After U.S. Supreme Court Justice Antonin Scalia was found dead at a private residence in West Texas on Saturday, two people who knew him in Louisiana — where the justice enjoyed duck hunting — remembered him as an intelligent man who never backed down from his beliefs but was able to have a friendly conversation and a good time with nearly anyone he met.
Scalia, 79, was appointed to the Supreme Court in 1986 by President Ronald Reagan and became known for sticking to his conservative principles, even when they caused controversy.
Just a few months ago, in November, Scalia was in Louisiana, hunting at the Grand View Lodge in Cameron Parish owned by Acadian Ambulance CEO Richard Zuschlag. The two men had met weeks earlier when they were both on a hunting trip in California.
“He just struck me as a very intelligent person who cared deeply about this country,” Zuschlag said on Saturday.
Scalia had a “fantastic personality” and strong ideas about democracy, said Thanassi Yiannopoulos, a Tulane University law professor who had known Scalia since the late 1970s, while both were teaching a summer law course hosted by Tulane in Greece.
Even after Scalia was appointed a Supreme Court justice, he returned to take part in the program, ultimately teaching there five times, the last of which was in the late 1990s, Yiannopoulos said.
“He could communicate so beautifully,” Yiannopoulos said, adding that the course was “flooded” whenever students found out Scalia would be teaching.
They last saw each other a couple of years ago when Scalia was honored at an event at Tulane, Yiannopoulos said.
“He believed in his ideas, and that’s what the legacy is — integrity, or fidelity, to law. And he believed in education,” Yiannopoulos said.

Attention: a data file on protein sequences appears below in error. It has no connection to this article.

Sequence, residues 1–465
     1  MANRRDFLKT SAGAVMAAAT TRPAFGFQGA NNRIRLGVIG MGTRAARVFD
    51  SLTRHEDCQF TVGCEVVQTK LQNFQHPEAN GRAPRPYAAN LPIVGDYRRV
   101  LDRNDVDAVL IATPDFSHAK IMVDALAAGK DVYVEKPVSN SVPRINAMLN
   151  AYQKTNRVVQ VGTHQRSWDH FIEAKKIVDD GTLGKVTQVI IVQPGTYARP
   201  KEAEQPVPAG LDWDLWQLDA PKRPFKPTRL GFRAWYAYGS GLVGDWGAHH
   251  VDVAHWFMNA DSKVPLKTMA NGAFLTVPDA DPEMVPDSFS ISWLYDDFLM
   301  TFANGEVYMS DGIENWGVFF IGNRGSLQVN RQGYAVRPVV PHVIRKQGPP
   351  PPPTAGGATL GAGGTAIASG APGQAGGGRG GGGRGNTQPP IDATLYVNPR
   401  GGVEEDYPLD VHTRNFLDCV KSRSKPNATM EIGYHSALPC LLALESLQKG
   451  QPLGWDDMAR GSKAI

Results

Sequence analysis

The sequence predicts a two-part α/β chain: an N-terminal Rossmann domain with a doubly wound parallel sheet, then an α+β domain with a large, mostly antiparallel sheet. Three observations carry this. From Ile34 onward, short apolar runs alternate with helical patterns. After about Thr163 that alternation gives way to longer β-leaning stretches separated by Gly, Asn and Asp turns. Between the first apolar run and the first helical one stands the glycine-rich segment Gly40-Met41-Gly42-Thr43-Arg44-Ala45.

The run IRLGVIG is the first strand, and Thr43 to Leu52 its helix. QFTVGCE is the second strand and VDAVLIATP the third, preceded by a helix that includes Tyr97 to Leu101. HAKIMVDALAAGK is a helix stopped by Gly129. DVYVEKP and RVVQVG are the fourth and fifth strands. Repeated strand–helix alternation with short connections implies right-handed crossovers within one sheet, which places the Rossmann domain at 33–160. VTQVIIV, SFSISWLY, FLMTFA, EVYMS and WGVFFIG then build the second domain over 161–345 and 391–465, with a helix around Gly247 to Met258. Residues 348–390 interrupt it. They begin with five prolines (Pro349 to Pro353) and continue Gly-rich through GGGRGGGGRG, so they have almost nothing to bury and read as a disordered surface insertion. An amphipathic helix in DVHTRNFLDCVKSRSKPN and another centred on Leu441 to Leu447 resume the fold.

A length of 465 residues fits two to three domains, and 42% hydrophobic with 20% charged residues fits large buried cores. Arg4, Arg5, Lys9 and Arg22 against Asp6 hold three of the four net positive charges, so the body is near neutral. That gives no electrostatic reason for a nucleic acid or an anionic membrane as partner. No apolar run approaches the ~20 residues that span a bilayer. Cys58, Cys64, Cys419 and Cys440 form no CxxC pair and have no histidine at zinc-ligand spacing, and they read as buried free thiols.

Yiannopoulos, a noted expert in civil, comparative and maritime law, said that, as a justice, Scalia was often part of the dissenting vote of the Supreme Court.
“He was not the kind of justice you would try to create coalitions with in the court,” Yiannopoulos said. “He never hesitated to be in the minority and sometimes (was) even caustic, very caustic.”
But Yiannopoulos also recalled the long conversations he had in Greece with Scalia about literature and culture while sitting by the sea, sipping Greek wine.
“He was exceedingly good company,” Yiannopoulos said.
Zuschlag lamented he had come to know Scalia only recently, saying he enjoyed the justice’s company on their recent hunting trips.
“You get to do a lot of visiting in between the shooting” while in a duck blind together, Zuschlag said.
While hunting in California this fall, Scalia, a devout Catholic, was intent on attending Mass. Zuschlag said he drove Scalia, who had no federal marshals with him at the time, several miles away to the nearest Catholic church their guide could find.
“That ride out to that church and back was very meaningful to me,” Zuschlag said. Scalia talked openly “about his passion for this country, for his children — he had 36 grandchildren — and he talked about trying to set aside some money for their education.”
With such a large family, however, Scalia lamented not being able to get everyone together very often, Zuschlag said.
Scalia was an avid duck and quail hunter who regularly visited Texas and Louisiana to hunt, Zuschlag said.
“He has a great love for the Cajuns,” he said. “He loves their free spirit, their way of life, knowing how to work hard, how to play hard but above everything else, their Christian attitude.”
Fellow hunters on the recent trips made jokes about when Scalia would retire, Zuschlag said. But Scalia told them he enjoyed his work and was feeling so good he wouldn’t retire any time soon.
His death “really caught me off guard,” Zuschlag said.